So, what the Hal am I missing? Because to me, this play was a complete snoozefest until Act V, and even when it got exciting, it didn't logically hang together. You have Hotspur in one corner, a bonafide badass who has spent his whole life stomping balls, and Prince Hal in the other, a teenage dirtbag whose master plan is to lower everyone's expectations of him so drastically that he'll look comparatively awesome once he pulls himself together. And Hal bests Hotspur?
NO. Not allowed. I mean, I know it's meant to be what happened in real life. But the rumors about Prince Hal being a youthful delinquent were probably made up by his enemies, and his combat record suggests he was a committed soldier as an adolescent. Besides, regardless of historical veracity, I just don't buy Hal's sudden bid for redemption in Act IV. Since that's the lynchpin of the story, the whole thing fell apart at the end like a soggy burrito.
A quick summary for those who haven't read it: at the start of the play, King Henry IV has just usurped the throne, but is getting some blowback from one of his former supporters, Henry Percy (who goes by "Hotspur"...sounds like Darth Vader's voicebox!). King Henry tries to deal with the dispute rationally, but Hotspur has a huge war boner and cannot be dissuaded from rebellion. For his part, the King actually entertains the idea of making Hotspur heir-apparent since his own son, Hal, would rather be getting trashed with a bunch of goons than learning the ropes of dominion. Yes, Hal is short for Henry because in 14th Century England, EVERYONE MUST BE NAMED HENRY.
The father-son relationship reminds me a little of the one between Tywin and Tyrion Lannister, albeit with less devastating emotional abuse. Like Tyrion, Hal spends the first part of the story in no rush to give up whores and booze, until circumstances force him to face the considerable power thrust upon him. And like Tywin, King Henry actively and publicly wishes that he could get a refund on his son. For example:
King Henry: Of my young Harry. O, that it could be proved
That some night-tripping fairy had exchanged
In cradle clothes our children where they lay,
And called mine Percy, his Plantagenet!
Hal, meanwhile, defends his lifestyle as being some half-baked long con in which tanking his reputation will rack up more political capital than being a capable prince from the get-go. Everyone loves a redemption story, right? He lays out this idea in the below speech—note that he compares himself to the sun a whole bunch. This is one of the many reasons I think Hal is kind of a sociopath. Not only does he deliberately humiliate his father, he manages to spend all his time with people on the lowest rung of the social ladder without ever having one iota of modesty rub off on him. Behold:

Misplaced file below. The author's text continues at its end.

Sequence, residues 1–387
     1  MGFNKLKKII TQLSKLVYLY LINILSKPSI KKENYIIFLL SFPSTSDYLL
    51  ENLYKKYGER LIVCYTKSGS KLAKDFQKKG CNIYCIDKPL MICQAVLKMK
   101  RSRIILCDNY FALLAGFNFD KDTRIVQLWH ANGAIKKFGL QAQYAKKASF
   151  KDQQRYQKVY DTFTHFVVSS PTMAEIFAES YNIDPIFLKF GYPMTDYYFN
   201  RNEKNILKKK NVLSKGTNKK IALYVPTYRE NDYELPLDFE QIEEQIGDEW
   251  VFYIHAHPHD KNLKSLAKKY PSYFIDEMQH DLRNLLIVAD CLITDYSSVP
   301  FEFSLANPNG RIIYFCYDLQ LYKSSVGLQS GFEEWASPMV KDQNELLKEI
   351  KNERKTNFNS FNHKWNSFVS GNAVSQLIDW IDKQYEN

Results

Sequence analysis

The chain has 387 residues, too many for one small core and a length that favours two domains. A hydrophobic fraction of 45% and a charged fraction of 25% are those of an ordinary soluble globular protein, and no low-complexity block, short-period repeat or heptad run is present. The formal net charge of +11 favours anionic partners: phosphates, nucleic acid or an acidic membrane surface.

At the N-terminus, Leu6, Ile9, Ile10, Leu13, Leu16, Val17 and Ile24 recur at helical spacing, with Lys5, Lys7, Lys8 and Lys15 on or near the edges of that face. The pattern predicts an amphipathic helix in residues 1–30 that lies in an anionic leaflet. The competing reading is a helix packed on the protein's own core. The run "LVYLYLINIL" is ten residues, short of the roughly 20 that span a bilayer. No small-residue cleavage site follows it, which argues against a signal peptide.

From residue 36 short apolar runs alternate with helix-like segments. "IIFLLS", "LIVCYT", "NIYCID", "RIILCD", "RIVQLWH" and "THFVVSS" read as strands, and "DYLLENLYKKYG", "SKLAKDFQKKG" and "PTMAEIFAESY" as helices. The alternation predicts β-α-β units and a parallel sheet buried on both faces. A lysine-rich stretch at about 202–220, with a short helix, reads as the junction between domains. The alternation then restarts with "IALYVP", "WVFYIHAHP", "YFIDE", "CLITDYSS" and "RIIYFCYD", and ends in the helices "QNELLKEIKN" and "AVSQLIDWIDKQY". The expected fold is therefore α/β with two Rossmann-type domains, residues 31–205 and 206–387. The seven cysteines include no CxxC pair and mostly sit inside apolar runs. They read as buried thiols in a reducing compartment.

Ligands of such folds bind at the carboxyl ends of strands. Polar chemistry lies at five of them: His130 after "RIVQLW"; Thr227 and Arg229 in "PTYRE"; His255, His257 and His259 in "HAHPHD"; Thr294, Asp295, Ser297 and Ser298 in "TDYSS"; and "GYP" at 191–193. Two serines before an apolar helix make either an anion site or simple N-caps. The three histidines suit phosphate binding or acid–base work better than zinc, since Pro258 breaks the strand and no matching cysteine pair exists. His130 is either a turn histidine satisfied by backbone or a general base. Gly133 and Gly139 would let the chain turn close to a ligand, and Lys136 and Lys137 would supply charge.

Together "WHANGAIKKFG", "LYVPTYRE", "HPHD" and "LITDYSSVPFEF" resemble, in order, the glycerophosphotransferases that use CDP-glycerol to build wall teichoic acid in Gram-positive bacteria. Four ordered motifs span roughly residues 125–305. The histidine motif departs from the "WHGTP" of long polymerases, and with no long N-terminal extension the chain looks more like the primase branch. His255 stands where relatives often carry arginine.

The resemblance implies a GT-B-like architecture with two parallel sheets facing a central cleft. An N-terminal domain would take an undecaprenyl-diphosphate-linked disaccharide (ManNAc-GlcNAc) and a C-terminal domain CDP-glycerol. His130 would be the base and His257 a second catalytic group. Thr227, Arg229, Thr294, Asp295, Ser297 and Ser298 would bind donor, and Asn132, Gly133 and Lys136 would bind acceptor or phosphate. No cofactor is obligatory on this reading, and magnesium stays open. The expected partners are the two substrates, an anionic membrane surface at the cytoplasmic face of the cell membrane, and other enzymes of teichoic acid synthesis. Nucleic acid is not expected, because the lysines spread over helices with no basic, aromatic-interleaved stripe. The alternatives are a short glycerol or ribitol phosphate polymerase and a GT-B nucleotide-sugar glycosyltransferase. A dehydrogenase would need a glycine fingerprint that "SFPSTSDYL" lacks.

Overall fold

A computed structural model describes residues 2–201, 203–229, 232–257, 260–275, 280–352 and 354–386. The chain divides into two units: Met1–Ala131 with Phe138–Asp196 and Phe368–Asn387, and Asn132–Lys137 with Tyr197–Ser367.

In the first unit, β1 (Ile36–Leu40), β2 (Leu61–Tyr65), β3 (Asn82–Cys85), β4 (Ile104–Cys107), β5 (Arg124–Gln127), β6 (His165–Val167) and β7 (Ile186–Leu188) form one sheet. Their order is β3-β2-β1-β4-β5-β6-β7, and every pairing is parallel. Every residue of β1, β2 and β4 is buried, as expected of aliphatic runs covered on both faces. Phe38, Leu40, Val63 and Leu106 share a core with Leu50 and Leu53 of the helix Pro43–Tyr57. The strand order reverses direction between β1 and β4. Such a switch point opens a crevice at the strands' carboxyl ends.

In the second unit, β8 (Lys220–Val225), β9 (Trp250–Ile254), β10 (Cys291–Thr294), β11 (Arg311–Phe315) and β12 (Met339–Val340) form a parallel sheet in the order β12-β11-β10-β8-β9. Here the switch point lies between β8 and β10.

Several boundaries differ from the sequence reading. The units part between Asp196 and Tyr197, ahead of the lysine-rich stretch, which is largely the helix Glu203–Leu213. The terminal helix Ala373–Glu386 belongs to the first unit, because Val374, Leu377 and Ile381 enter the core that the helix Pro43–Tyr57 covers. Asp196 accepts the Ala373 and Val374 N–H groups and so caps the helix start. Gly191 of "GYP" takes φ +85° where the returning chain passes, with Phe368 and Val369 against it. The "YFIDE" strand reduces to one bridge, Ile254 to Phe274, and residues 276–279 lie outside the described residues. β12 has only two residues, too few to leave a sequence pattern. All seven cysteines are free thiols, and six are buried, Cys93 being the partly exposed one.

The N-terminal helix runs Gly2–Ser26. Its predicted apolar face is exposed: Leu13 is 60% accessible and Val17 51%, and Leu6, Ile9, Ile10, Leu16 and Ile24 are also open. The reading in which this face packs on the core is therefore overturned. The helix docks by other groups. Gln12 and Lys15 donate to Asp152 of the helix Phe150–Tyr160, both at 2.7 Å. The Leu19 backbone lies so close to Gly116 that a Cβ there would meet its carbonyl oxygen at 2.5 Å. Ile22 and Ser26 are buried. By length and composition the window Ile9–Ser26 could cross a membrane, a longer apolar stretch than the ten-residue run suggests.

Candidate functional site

Prince Hal: I know you all, and will awhile uphold
The unyoked humor of your idleness.
Yet herein will I imitate the sun,
Who doth permit the base contagious clouds
To smother up his beauty from the world,
That, when he please again to be himself,
Being wanted, he may be more wondered at
By breaking through the foul and ugly mist
Of vapors that did seem to strangle him.
If all the year were playing holidays,
To sport would be as tedious as to work,
But when they seldom come, they wished for come,
And nothing pleaseth but rare accidents.
So when this loose behavior I throw off
And pay the debt I never promisèd,
By how much better than my word I am,
By so much shall I falsify men’s hopes;
And, like bright metal on a sullen ground,
My reformation, glitt'ring o'er my fault,
Shall show more goodly and attract more eyes
Than that which hath no foil to set it off.
I’ll so offend to make offense a skill,
Redeeming time when men think least I will.
Uh, okay...great plan, though it would probably be easier and less hurtful to just be a good person. Honestly, by the time Hal and his friend Poins play a mean practical joke on Falstaff, I realized the Prince is essentially a frat boy with zero empathy for anybody around him (and thus the comparison to Tyrion ends). Even at the end of the play, when he thinks Falstaff is dead, he makes fun of his old friend instead of mourning him. What a callous butt-booger.